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Kenmore's Lakepointe Discussions Suspended

  • Written by Woodinville Weekly Staff

For the last several months, the City of Kenmore has been working with Weidner Apartment Homes to draft a Parameter Agreement that would outline a range of development options to study and explore the future development of Lakepointe, a 50+ acre industrial and largely vacant property on the Lake Washington peninsula southwest of the SR 522/68th Ave NE intersection. On November 1st, Weidner notified the City of Kenmore they have suspended discussions on the Parameter Agreement and subsequent Development Agreement process.

In the 1950’s and 1960’s, the property was filled with construction demolition debris during the I-5 highway installation. Due to extraordinary site development and other challenges (e.g. traffic mitigation), this project is complex and we’ve always known the initial investment would be costly.

Despite its challenges, the Lakepointe project has the potential to restore river habitat and open up public access where Lake Washington and the Sammamish River converge. The project also has the potential to transform the undeveloped industrial site by way of new economic investment, employment, retail, and other public amenities.

“Lakepointe is the last undeveloped property of its kind and size on Lake Washington, and we recognize its significant potential to bring new employment, retail, recreation, environmental restoration, housing choices, and other benefits to the community,” stated Rob Karlinsey, Kenmore City Manager. “With Lakepointe, we have the potential to create a very special place that is uniquely situated on the lake, river, and part of our downtown.”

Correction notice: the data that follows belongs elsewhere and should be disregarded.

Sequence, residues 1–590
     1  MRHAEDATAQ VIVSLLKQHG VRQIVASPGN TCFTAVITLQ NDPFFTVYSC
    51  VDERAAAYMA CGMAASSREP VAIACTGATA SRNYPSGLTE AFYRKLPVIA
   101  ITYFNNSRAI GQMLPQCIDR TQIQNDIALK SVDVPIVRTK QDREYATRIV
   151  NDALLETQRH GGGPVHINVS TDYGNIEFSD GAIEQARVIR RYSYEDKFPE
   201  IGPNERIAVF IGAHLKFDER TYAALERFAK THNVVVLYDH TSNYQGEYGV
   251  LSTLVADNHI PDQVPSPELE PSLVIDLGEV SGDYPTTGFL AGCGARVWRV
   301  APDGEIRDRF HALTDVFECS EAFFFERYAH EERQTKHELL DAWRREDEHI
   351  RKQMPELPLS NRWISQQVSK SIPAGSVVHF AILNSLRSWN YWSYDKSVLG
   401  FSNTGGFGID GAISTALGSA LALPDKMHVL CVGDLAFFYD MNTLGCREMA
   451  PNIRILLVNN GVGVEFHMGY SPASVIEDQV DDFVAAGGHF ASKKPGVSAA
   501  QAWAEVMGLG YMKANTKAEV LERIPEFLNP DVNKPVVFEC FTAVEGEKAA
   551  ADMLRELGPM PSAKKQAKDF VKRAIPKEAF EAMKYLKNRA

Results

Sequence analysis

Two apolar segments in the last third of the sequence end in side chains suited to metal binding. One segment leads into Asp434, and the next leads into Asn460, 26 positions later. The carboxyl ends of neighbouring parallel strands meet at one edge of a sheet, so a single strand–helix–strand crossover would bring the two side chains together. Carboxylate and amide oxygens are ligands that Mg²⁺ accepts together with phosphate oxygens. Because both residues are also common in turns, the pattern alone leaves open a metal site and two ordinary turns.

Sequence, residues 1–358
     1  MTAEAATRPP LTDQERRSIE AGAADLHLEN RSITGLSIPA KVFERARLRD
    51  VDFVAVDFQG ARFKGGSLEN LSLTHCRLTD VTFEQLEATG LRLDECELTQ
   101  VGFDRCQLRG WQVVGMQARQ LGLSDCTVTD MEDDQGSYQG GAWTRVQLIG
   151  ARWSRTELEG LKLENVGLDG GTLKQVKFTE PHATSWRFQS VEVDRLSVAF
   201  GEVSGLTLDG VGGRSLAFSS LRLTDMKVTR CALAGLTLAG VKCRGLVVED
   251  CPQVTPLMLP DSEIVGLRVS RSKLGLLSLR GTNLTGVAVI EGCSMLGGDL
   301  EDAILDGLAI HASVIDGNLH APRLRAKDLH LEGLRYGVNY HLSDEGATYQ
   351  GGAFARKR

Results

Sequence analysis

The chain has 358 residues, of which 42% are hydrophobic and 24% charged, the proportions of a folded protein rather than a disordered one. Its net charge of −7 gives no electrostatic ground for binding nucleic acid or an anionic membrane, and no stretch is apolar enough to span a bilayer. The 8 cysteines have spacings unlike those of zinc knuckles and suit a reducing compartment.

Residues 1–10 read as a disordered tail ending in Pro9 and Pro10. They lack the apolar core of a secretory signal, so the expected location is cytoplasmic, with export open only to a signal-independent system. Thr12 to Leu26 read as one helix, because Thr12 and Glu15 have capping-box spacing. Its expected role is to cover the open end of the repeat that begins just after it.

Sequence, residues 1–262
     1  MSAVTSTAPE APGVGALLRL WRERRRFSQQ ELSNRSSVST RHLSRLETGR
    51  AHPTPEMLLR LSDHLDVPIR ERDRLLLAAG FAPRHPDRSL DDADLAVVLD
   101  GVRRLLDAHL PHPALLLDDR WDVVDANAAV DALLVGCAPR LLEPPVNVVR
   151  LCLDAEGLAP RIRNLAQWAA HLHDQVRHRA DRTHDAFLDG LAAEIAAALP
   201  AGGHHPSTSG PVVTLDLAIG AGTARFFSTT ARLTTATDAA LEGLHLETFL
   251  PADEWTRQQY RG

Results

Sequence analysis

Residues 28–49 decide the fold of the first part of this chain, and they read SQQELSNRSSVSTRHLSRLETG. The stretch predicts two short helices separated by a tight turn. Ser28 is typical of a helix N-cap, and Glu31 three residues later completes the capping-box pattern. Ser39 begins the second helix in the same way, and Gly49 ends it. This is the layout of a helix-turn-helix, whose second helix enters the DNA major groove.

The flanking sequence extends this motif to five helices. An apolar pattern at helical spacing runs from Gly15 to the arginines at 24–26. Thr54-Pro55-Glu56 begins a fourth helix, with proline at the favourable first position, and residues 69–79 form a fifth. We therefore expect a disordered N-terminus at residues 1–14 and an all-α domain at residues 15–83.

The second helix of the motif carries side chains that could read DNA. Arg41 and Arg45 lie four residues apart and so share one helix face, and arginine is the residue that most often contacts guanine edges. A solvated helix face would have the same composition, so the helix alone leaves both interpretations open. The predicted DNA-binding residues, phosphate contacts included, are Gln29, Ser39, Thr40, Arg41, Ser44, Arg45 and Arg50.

This year, for the first time in the property’s history, Kenmore commissioned a comprehensive financial feasibility analysis which detailed a financial gap of around $155M for the estimated $1 - $1.5B project. A financial gap of this size likely requires a public-private partnership, which can take the form of multi-family housing property tax exemptions, regulatory flexibility, impact fee credits for infrastructure built by the developer, or financial help (e.g. grants) from the state to build public infrastructure. These tools and incentives are well established and have been used in other cities across the state and country. In fact, Kenmore has successfully utilized several of these tools to attract new investment and revitalize its downtown.

In return for using these tools and incentives at Lakepointe, the public would see public access to the water, parks, wildlife habitat restoration along the river, more housing choices (including affordable housing units), shopping, restaurants, office space for local job growth, and other amenities.

“We appreciate Weidner’s time and resources that they have put into exploring Lakepointe’s development potential,” said Mr. Karlinsey. “Mr. Weidner and his team have been fantastic to work with and have provided valuable and practical insight and perspective. We know a lot more about what it’s going to take for a successful Lakepointe development to happen.”

Although formal negotiations have been suspended, Kenmore plans to continue dialogue with the community, the Lakepointe property owner, and others to evaluate public-private partnership scenarios. Kenmore will also consider innovative approaches that could work for the property owner, developers, and the community.

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